As seen in the chart below, nearly all major stock indexes are down over -18% in 2022, with bonds down over -12%. We mentioned that raising interest rates and reducing the Fed balance sheet can cause weakness in the economy however, not all asset classes have performed poorly. Commodities are up 38.7% for 2022 as of June 14 and are generally seen as a hedge against inflation and can be a good way to diversify in inflationary times. Over the long run, keeping a good mix of assets not correlated with one another can help cushion market downturns. Traditional investment portfolios tend to stick to only stocks and bonds which are typically noncorrelated. This year has been unique in that stocks and bonds are declining together as the fed is attempting to reverse much of the stimulus of 2020 to combat elevated inflation. Incorporating commodities in the picture can offer a portfolio additional levels of diversification.
Over 2021 we have been adding to emerging markets, which were showing signs of undervalue, indicating opportunity; see our Market Update from March 2022 where we examine these signs. March 2022 Market Update: International and Emerging Markets, Russia-Ukraine, & More – AllGen Financial Advisors, Inc. At the beginning of 2022 emerging markets finally began outperforming the S&P 500 but then the Russia/Ukraine war shocked the emerging markets space. Since early March of 2022, emerging markets have recovered and are now outperforming again seen in the chart below with emerging markets down only -1% while the S&P 500 is down -12%.
Growth vs. Value
We’ve covered the case for overweighting value stocks over growth stocks in previous market updates. In the chart below a rising line indicates value stocks are outperforming and vice versa. The green arrow on the right suggests that after nearly 13 years of growth stocks outperforming value, value stocks could finally take the baton (see chart below). Value-oriented companies typically have strong balance sheets, earnings, and high dividends that can provide advantages when economies struggle. Growth stocks are typically more sensitive to quantitative tightening as they rely more on cheap borrowing costs to fund their operations. So far in 2022 as of June 13, growth stocks are down -30.4% whereas value stocks are down only -10.39% according to Stockcharts.com.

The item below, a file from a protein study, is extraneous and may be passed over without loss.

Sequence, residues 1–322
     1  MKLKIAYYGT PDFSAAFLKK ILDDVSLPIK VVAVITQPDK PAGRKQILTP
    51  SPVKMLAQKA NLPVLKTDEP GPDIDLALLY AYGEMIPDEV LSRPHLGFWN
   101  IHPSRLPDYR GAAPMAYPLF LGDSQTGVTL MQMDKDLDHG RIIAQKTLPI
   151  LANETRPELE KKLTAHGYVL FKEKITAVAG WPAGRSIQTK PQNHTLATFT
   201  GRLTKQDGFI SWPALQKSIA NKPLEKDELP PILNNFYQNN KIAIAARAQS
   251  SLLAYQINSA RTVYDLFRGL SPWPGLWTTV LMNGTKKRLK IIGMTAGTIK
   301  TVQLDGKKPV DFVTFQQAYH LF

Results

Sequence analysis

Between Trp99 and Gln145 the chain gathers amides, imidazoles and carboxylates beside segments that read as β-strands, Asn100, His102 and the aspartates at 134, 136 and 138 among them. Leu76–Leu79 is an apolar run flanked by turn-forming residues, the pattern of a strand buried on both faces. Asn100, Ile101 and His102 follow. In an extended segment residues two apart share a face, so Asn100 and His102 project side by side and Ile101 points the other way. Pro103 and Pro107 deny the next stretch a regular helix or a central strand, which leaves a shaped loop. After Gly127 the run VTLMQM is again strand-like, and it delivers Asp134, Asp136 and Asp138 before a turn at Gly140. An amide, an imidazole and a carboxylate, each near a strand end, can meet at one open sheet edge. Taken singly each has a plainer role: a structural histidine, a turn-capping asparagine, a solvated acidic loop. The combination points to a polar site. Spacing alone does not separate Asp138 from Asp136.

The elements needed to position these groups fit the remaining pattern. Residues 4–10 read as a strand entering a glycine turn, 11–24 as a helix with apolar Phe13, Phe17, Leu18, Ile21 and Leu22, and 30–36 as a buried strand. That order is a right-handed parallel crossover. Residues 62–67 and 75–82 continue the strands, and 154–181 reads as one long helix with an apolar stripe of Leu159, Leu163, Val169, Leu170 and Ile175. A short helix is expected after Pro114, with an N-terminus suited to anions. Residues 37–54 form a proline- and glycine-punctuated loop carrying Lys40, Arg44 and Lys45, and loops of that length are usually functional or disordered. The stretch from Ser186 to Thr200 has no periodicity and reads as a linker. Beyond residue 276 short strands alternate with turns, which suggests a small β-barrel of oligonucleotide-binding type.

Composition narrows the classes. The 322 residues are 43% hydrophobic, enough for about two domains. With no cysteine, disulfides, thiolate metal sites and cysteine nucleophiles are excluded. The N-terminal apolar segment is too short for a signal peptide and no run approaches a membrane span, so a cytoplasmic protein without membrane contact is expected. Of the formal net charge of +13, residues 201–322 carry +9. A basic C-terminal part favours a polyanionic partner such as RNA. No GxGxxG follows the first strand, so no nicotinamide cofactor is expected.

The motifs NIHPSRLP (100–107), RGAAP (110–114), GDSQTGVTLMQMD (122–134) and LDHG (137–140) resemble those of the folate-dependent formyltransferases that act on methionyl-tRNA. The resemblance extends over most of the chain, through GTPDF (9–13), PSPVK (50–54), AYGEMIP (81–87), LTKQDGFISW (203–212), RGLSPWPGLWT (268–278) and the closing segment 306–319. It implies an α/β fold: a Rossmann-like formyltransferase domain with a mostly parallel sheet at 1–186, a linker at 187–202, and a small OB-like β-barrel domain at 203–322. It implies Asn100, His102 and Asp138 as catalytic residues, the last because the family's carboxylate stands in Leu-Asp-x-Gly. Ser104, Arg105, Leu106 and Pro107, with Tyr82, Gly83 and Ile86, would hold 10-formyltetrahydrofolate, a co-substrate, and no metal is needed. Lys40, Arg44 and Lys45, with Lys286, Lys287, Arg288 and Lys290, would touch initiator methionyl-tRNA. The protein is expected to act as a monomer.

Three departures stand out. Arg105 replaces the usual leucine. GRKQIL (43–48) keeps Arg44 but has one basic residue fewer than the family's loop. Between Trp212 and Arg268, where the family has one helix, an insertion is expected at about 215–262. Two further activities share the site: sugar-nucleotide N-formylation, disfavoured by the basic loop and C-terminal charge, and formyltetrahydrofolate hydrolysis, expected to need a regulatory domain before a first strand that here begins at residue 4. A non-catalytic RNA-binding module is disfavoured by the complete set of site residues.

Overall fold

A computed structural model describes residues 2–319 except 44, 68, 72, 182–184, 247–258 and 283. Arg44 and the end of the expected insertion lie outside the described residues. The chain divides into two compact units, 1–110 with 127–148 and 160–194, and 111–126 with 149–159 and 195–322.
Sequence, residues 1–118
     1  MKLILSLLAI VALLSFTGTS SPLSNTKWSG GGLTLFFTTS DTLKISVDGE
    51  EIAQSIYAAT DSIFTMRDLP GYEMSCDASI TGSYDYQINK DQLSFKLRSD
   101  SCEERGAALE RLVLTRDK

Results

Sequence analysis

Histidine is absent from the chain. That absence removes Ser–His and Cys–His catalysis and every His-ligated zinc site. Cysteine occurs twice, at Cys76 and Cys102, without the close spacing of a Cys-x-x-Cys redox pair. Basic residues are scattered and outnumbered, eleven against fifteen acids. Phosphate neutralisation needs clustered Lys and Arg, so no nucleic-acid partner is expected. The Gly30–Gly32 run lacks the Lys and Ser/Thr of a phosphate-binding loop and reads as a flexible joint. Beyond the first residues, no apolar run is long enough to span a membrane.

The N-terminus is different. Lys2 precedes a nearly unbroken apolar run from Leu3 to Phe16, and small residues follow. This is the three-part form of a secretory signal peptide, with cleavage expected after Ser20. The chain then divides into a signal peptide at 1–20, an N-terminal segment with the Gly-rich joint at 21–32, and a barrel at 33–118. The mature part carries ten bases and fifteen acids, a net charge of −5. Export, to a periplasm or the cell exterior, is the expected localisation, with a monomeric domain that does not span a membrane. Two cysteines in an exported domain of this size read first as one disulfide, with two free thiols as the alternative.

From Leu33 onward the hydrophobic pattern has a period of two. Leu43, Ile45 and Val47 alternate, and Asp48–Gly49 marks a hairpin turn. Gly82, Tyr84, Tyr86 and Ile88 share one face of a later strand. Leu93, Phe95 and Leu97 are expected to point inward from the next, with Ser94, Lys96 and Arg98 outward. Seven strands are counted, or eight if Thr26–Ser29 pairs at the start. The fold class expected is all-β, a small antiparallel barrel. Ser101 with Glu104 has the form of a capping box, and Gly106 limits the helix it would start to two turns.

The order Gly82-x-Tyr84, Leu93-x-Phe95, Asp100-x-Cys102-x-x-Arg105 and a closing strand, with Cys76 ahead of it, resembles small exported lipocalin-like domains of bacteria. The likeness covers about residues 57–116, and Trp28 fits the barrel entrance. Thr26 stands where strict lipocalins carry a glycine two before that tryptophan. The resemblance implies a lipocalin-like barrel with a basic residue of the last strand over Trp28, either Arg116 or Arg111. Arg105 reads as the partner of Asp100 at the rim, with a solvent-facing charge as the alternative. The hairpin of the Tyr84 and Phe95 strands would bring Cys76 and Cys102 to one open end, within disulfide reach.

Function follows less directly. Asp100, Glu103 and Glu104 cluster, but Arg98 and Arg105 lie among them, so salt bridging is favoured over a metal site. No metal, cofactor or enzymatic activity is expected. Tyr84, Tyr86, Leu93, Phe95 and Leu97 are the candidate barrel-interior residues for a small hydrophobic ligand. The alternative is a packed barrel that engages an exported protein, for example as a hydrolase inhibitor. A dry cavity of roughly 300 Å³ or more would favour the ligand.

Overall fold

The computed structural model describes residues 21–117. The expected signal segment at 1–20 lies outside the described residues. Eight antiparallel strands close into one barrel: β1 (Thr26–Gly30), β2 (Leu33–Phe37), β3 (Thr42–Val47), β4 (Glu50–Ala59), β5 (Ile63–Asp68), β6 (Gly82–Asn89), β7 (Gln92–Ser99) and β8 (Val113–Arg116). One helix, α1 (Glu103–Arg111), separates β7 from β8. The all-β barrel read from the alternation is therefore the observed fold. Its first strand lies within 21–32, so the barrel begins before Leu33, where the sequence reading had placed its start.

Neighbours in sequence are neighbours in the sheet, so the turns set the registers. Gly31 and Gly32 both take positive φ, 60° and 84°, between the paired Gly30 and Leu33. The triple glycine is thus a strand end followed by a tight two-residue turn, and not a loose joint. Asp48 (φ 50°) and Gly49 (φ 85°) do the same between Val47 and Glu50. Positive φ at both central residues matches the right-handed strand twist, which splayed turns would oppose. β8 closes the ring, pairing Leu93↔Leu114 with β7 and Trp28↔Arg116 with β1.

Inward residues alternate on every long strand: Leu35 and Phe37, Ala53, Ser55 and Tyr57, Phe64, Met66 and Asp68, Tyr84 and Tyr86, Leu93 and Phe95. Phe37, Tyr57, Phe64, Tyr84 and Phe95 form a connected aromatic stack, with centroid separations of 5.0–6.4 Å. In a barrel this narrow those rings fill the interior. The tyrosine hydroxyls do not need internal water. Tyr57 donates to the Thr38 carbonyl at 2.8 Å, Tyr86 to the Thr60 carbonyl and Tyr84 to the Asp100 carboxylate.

Speculation Is Not an Investment Strategy
Speculating can be exciting, but also devastating if overdone. The popular growth stocks throughout the Covid-19 pandemic including Netflix, Peloton, Zoom, Amazon, etc. saw incredible gains, several of which were over 100%. Towards the end of 2021, and as of 6/13/2022, these stocks have been crushed from their highs. Zoom, Netflix and Peloton are down -61%, -72% and -87% respectively (see below). Bitcoin and Ethereum, also extremely popular during the pandemic, are down -60% and -69% respectively over the same time period. Over 2021 AllGen was reducing the growth side of the stock portfolio as we began to see signs that growth stocks were becoming overbought.
We try to manage risk effectively by overweighting and underweighting asset classes in a diversified portfolio. We have been underweighting growth stocks and overweighting value stocks as we see the pendulum begin to swing towards favoring value. While we entered the year underweight bonds, we are beginning to add to the position gradually. Additionally, we feel it’s important to diversify outside US stocks and bonds, incorporating gold commodities and emerging markets. Strategically rebalancing accounts back to these target allocations can also protect portfolios from becoming too overweight in any particular asset class.
Get in touch with our team to discuss strategy when planning your investment goals.